Health is a state of full mental, physical and emotional well being where infirmity and illness are absent. A happy and healthy life entails complete physical and mental health. Mental health refers to the ability to live independently and cope with life’s challenges. Mental wellness therefore, comprises a person’s capacity to understand, manage and apply information, memory, reasoning and learning; as well as to attain goals, interact socially and make decisions in a safe and effective manner.
In the United States, poor mental health has become an epidemic. One in six adults nationwide suffers from some form of mental illness, according to national surveys. The condition is most prevalent among people aged 45 and above, but it can strike at any age. The high cost of health care, coupled with the lack of early diagnosis and treatment, makes it all the more important for individuals to develop good coping mechanisms as well as early prevention practices for optimal mental health.
Developing public health education about mental disorders and their causes is necessary to reduce the number of people who suffer from these diseases. Fortunately, advances in health science have produced many effective treatments. The National Institute of Mental Health has a division devoted to mental illnesses. The NIMH establishes the foundation for research, prevention and treatment of mental disorders. Among its many achievements, the NIMH has developed a list of seven common diseases and their treatments.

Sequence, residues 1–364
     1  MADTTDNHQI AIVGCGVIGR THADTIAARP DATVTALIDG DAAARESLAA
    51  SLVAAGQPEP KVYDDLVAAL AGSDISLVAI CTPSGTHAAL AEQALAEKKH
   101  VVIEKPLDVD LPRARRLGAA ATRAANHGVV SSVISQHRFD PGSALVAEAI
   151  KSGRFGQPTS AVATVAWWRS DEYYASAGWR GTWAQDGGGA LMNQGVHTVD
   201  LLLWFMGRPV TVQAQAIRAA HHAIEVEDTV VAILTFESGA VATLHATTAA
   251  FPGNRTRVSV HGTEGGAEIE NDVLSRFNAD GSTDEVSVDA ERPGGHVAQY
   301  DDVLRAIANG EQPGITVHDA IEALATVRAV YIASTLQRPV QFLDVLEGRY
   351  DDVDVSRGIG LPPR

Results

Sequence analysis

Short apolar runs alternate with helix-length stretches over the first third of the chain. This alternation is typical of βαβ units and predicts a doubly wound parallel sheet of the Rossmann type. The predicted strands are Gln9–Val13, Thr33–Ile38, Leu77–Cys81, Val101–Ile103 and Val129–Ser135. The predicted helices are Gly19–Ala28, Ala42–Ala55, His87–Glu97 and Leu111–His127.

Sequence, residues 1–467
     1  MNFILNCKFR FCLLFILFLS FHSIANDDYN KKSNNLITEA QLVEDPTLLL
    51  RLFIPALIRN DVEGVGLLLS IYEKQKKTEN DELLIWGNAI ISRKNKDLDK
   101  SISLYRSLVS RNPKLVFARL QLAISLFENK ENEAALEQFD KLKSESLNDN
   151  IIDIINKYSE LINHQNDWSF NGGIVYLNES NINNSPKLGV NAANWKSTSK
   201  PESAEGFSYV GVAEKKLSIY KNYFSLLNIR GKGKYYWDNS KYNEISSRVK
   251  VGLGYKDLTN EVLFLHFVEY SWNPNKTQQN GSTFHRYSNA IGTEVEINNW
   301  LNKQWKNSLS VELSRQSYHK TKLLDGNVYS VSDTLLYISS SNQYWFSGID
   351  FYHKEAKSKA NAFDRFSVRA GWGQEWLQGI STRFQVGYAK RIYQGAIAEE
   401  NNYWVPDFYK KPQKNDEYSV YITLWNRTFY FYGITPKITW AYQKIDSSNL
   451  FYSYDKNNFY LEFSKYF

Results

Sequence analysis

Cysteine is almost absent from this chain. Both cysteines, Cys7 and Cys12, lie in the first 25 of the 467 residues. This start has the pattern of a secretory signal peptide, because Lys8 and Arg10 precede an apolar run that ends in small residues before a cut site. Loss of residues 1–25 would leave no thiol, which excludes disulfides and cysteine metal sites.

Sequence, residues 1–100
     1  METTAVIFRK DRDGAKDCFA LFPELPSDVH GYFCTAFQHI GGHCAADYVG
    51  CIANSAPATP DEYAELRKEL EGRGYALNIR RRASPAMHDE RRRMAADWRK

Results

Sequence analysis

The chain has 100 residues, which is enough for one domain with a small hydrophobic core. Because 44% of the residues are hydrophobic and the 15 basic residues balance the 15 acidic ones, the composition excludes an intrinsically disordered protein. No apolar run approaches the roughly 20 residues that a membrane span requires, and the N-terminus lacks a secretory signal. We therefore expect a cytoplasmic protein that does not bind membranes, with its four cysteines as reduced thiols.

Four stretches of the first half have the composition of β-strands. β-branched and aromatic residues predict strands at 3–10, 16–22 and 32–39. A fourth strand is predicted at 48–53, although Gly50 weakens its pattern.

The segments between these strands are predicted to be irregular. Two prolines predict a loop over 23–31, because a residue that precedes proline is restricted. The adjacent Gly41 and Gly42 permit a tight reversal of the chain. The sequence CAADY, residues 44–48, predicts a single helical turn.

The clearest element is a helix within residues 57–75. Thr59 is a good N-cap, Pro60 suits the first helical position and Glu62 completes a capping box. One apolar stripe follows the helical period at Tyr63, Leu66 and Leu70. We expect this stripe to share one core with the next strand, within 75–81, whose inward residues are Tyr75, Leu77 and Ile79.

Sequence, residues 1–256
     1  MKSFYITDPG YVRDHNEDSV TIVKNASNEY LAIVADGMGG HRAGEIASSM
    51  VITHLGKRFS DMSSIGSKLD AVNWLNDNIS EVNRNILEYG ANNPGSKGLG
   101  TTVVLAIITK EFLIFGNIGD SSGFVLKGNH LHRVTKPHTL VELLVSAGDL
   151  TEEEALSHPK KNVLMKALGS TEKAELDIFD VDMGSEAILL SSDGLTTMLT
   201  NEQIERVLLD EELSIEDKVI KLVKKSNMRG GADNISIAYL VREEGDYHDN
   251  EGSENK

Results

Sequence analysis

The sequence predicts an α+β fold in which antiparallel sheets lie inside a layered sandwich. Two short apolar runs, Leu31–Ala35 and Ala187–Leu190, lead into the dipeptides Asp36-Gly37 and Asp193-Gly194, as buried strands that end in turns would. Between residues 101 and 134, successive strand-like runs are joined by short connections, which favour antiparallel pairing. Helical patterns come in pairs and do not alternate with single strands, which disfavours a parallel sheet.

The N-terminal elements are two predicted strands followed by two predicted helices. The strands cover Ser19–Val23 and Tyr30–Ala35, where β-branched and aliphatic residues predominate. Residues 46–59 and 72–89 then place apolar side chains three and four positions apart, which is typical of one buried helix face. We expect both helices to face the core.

Occupational asthma is a common disorder affecting workers in the construction industry. Asbestos fibers used in many building materials cause the condition. The NIMH has advised workers to wear safety goggles and to use appropriate respiratory protection. Studies have shown that improved ventilation can improve the worker’s overall health and well-being. Studies have also indicated that improving occupational air quality can prevent cases of mesothelioma, the most common cause of occupational asthma.
Occupational Myocardial Disease (OMD) is caused by high blood pressure, which in turn leads to heart attacks. It usually occurs in people working in industries that expose them to repetitively high levels of energy, such as mining, construction, and manufacturing. A study conducted by the NIMH showed that women miners had the highest rate of OME. Another disease that these studies have shown to be prevalent in the workplace is heart disease; however, there are many other occupational diseases that could lead to a heart attack, such as heart failure, peripheral arterial occlusive disease (PAD), and high blood cholesterol.
The third main article refers to the increasing incidence of depression in today’s work environment. It has been shown that because of the increased demands placed on employees, working with low morale, stress, anxiety, and poor attitudes is leading to an increase in depression. According to the Center for Disease Control and Prevention (CDC), there has been a significant increase in the rate of depression in recent years among non-workplace persons. This has been connected to several factors, such as job dissatisfaction, the death of a loved one, and other life events.
The fourth main article talks about the growing number of mental disorders that are being diagnosed and treated in the United States. Among the many mental illnesses being treated today are Attention Deficit Disorder (ADD), depression, bipolar disorder, and anxiety. These diseases are commonly found in persons who are under tremendous psychological strain, including individuals who are unemployed and/or unemployed due to a death in the family or on the job.
The fifth and final article discusses the rising cases of disability compensation claims filed against employers because of health problems. Disability compensation protects employees who have experienced occupational health problems while at work. Over the last few years, the number of disability compensation claims filed has been steadily increasing in the United States.